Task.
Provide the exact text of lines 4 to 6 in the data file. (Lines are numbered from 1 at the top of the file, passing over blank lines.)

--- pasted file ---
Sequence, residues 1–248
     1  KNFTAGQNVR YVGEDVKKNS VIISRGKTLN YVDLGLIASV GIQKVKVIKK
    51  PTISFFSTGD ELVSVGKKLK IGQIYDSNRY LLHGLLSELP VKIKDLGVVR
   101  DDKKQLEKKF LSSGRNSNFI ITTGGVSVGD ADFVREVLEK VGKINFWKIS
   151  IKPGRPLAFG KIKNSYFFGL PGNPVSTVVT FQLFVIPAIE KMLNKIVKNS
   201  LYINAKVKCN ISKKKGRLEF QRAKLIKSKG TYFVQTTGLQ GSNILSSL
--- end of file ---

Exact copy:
   101  DDKKQLEKKF LSSGRNSNFI ITTGGVSVGD ADFVREVLEK VGKINFWKIS
   151  IKPGRPLAFG KIKNSYFFGL PGNPVSTVVT FQLFVIPAIE KMLNKIVKNS
   201  LYINAKVKCN ISKKKGRLEF QRAKLIKSKG TYFVQTTGLQ GSNILSSL